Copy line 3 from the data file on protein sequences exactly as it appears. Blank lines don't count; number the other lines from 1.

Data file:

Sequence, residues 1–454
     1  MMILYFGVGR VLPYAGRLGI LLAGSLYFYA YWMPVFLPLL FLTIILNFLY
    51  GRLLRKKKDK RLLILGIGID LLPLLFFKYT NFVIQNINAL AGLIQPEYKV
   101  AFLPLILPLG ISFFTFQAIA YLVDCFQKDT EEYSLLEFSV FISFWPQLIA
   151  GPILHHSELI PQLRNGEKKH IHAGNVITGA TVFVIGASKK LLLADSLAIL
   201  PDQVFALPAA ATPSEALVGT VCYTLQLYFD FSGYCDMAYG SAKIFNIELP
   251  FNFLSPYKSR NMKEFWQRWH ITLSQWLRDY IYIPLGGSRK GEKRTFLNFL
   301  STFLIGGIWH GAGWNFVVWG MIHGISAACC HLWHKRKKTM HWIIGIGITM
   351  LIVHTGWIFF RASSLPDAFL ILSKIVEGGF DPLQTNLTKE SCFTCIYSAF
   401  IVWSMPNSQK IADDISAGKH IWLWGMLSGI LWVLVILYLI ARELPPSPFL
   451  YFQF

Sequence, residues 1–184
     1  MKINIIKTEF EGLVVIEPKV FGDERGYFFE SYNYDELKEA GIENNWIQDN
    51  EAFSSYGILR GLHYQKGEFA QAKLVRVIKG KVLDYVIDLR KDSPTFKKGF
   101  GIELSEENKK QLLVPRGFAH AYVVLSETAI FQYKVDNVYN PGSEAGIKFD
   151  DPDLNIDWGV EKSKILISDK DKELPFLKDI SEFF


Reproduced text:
    51  GRLLRKKKDK RLLILGIGID LLPLLFFKYT NFVIQNINAL AGLIQPEYKV